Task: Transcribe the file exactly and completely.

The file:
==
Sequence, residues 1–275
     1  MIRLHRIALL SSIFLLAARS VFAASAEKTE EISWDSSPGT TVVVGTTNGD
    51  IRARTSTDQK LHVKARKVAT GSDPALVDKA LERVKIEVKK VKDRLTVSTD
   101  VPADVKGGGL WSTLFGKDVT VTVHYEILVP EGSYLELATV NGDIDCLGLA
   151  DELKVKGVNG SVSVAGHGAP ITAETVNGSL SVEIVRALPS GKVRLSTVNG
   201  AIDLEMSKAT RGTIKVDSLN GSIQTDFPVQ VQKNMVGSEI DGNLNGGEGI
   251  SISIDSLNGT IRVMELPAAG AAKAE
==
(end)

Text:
Sequence, residues 1–275
     1  MIRLHRIALL SSIFLLAARS VFAASAEKTE EISWDSSPGT TVVVGTTNGD
    51  IRARTSTDQK LHVKARKVAT GSDPALVDKA LERVKIEVKK VKDRLTVSTD
   101  VPADVKGGGL WSTLFGKDVT VTVHYEILVP EGSYLELATV NGDIDCLGLA
   151  DELKVKGVNG SVSVAGHGAP ITAETVNGSL SVEIVRALPS GKVRLSTVNG
   201  AIDLEMSKAT RGTIKVDSLN GSIQTDFPVQ VQKNMVGSEI DGNLNGGEGI
   251  SISIDSLNGT IRVMELPAAG AAKAE